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Even without a name, the woman who survived the now-infamous Stanford University rape and faced her attacker in court has rallied the support of millions across the globe and is being honored as one of Glamour‘s Women of the Year.
Emily Doe was raped in January 2015. Two witnesses on bicycles saw Brock Turner attacking her behind a dumpster, tackled him and called 911. Turner was convicted of three separate sexual-assault-related felonies — for which prosecutors recommended a sentence of six years in prison. Instead, in June Turner was sentenced to six months and he was released from jail in September after serving only half that time.
Now Doe is speaking out about how she felt hearing his sentence after bearing her soul in court.
“I was struck silent,” Doe writes in an essay for Glamour. “Immediately I felt embarrassed for trying, for being led to believe I had any influence. The violation of my body and my being added up to a few months out of his summer.”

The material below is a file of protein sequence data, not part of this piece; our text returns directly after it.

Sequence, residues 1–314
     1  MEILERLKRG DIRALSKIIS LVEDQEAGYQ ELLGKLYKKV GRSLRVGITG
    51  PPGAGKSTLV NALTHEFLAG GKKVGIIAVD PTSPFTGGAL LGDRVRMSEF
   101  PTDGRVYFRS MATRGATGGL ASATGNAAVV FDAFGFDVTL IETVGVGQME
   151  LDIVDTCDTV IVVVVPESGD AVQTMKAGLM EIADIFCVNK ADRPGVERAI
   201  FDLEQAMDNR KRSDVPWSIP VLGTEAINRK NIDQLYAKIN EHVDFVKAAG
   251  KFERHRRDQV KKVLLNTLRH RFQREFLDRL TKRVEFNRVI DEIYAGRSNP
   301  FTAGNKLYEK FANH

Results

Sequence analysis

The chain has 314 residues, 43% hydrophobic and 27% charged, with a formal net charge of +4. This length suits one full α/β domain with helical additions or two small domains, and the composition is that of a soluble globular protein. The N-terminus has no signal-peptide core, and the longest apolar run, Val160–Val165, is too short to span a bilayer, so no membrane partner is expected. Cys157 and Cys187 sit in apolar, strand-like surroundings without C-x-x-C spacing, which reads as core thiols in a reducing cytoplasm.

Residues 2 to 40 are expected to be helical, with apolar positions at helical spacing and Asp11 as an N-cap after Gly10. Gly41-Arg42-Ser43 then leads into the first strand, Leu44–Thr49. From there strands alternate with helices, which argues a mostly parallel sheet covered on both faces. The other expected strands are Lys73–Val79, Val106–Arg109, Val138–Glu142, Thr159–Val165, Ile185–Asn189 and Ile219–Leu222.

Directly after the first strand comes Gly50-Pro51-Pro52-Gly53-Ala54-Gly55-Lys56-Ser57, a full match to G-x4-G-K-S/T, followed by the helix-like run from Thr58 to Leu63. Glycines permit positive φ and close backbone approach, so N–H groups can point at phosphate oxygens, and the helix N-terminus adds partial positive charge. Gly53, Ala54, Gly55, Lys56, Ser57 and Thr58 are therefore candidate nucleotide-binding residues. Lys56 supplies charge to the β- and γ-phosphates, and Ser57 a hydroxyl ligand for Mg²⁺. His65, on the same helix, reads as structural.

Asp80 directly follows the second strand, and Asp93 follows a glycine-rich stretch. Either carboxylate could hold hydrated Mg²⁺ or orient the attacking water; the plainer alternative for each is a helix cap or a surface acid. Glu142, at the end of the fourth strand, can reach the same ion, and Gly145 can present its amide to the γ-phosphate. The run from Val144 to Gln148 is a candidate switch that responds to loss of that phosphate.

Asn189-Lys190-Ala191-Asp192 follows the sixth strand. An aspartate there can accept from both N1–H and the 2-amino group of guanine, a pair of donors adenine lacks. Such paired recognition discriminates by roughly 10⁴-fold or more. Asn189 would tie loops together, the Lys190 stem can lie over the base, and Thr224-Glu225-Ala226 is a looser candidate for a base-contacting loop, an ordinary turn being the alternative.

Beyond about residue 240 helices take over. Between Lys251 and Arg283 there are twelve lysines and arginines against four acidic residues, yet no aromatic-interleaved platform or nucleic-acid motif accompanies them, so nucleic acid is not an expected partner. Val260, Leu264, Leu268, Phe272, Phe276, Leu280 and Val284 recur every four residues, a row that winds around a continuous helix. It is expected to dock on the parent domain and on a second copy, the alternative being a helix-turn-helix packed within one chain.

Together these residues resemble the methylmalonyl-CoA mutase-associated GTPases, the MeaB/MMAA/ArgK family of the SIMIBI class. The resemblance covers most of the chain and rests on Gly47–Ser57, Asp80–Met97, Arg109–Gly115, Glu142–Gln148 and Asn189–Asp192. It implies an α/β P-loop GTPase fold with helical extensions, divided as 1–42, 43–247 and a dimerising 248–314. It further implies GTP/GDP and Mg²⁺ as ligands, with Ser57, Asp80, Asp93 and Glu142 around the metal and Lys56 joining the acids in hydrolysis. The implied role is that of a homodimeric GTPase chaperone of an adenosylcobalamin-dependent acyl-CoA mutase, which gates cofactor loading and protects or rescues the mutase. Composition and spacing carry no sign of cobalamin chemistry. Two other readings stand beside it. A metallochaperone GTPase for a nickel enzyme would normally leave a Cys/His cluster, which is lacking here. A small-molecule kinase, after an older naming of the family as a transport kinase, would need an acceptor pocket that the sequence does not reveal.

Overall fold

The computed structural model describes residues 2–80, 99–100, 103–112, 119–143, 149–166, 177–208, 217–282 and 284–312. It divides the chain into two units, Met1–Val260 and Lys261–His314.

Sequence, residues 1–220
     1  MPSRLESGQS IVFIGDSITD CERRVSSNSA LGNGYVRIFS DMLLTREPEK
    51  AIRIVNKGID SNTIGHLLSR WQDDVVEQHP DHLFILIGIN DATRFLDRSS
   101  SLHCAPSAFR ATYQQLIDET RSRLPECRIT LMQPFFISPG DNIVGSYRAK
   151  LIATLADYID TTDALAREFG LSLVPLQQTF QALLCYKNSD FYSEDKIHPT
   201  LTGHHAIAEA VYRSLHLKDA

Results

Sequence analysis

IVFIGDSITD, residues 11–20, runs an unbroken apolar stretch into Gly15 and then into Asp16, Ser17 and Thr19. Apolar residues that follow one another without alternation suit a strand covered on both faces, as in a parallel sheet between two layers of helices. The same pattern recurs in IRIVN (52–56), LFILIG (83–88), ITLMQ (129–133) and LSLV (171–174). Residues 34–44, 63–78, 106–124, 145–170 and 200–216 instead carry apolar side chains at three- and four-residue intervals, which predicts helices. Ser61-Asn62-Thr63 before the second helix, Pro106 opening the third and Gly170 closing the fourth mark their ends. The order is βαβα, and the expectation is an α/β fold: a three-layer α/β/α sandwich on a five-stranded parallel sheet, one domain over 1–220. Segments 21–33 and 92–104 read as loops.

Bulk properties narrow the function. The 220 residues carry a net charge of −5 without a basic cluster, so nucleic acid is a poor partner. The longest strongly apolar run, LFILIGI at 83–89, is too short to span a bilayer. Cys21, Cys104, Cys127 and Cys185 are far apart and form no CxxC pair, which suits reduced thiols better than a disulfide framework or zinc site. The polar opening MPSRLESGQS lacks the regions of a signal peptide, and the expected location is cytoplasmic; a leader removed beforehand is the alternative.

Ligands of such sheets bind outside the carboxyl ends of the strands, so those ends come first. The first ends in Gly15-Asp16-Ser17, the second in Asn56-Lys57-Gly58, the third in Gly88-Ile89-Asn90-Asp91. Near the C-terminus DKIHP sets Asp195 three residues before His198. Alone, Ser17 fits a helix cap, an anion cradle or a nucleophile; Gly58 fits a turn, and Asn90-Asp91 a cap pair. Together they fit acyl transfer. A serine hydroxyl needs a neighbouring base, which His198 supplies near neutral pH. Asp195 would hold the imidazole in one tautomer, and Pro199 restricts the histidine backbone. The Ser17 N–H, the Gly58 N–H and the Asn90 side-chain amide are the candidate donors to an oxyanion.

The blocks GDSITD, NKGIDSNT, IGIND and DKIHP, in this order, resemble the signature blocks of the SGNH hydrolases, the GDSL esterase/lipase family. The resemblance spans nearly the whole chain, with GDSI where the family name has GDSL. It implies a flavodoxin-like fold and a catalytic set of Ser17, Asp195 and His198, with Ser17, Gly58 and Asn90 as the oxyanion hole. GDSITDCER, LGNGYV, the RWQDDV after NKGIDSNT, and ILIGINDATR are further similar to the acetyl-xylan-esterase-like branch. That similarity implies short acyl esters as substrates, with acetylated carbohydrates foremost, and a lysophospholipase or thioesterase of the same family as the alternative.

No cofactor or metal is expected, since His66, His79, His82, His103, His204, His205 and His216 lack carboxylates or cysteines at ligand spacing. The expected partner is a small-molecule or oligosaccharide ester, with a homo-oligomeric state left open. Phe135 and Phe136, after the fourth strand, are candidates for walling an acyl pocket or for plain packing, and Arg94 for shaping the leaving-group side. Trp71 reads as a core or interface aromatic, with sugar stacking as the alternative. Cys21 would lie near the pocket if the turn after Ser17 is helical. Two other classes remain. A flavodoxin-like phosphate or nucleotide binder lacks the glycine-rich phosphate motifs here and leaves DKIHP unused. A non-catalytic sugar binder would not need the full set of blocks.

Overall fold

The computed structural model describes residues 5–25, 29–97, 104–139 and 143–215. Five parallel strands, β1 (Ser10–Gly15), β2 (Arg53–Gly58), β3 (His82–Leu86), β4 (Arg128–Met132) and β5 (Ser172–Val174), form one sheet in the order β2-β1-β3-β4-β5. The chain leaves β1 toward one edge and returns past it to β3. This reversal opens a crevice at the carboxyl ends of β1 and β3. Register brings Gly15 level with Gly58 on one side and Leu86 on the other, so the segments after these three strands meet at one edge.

After the Buzzfeed post went live, Doe began receiving letters and support from around the globe — but she still recalls one comment that cut deep: “Sad. I hope my daughter never ends up like her.”
“I absorbed that statement. ‘Ends up,'” writes Doe. “As if we end somewhere, as if what was done to me marked the completion of my story. Instead of being a role model to be looked up to, I was a sad example to learn from, a story that caused you to shield your daughter’s eyes and shake your heads with pity.”
She says the real pity would be not assigning blame where it’s due.
“If you think the answer is that women need to be more sober, more civil, more upright, that girls must be better at exercising fear, must wear more layers with eyes open wider, we will go nowhere,” Doe writes. “When Judge Aaron Persky mutes the word justice, when Brock Turner serves one month for every felony, we go nowhere. When we all make it a priority to avoid harming or violating another human being, and when we hold accountable those who do, when the campaign to recall this judge declares that survivors deserve better, then we are going somewhere.”
Read Doe’s full essay here.
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